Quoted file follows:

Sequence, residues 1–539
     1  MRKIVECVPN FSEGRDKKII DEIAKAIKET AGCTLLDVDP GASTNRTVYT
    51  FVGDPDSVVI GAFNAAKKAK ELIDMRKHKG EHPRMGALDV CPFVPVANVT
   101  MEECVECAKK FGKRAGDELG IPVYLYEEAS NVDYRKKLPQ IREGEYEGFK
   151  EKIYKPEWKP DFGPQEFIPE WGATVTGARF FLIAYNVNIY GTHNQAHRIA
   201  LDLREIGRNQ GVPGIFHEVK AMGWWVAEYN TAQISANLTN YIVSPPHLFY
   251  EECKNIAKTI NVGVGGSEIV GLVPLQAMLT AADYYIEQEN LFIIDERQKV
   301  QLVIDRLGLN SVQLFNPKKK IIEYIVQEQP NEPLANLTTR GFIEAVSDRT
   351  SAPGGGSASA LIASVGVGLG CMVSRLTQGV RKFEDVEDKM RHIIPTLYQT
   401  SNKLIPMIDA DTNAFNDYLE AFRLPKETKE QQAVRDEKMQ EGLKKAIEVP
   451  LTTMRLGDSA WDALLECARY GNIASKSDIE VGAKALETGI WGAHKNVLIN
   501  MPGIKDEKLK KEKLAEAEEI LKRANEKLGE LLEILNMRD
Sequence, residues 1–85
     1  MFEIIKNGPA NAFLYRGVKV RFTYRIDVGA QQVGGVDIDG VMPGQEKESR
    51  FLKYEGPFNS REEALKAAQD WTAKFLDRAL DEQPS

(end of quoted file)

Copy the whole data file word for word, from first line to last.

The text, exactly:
Sequence, residues 1–539
     1  MRKIVECVPN FSEGRDKKII DEIAKAIKET AGCTLLDVDP GASTNRTVYT
    51  FVGDPDSVVI GAFNAAKKAK ELIDMRKHKG EHPRMGALDV CPFVPVANVT
   101  MEECVECAKK FGKRAGDELG IPVYLYEEAS NVDYRKKLPQ IREGEYEGFK
   151  EKIYKPEWKP DFGPQEFIPE WGATVTGARF FLIAYNVNIY GTHNQAHRIA
   201  LDLREIGRNQ GVPGIFHEVK AMGWWVAEYN TAQISANLTN YIVSPPHLFY
   251  EECKNIAKTI NVGVGGSEIV GLVPLQAMLT AADYYIEQEN LFIIDERQKV
   301  QLVIDRLGLN SVQLFNPKKK IIEYIVQEQP NEPLANLTTR GFIEAVSDRT
   351  SAPGGGSASA LIASVGVGLG CMVSRLTQGV RKFEDVEDKM RHIIPTLYQT
   401  SNKLIPMIDA DTNAFNDYLE AFRLPKETKE QQAVRDEKMQ EGLKKAIEVP
   451  LTTMRLGDSA WDALLECARY GNIASKSDIE VGAKALETGI WGAHKNVLIN
   501  MPGIKDEKLK KEKLAEAEEI LKRANEKLGE LLEILNMRD
Sequence, residues 1–85
     1  MFEIIKNGPA NAFLYRGVKV RFTYRIDVGA QQVGGVDIDG VMPGQEKESR
    51  FLKYEGPFNS REEALKAAQD WTAKFLDRAL DEQPS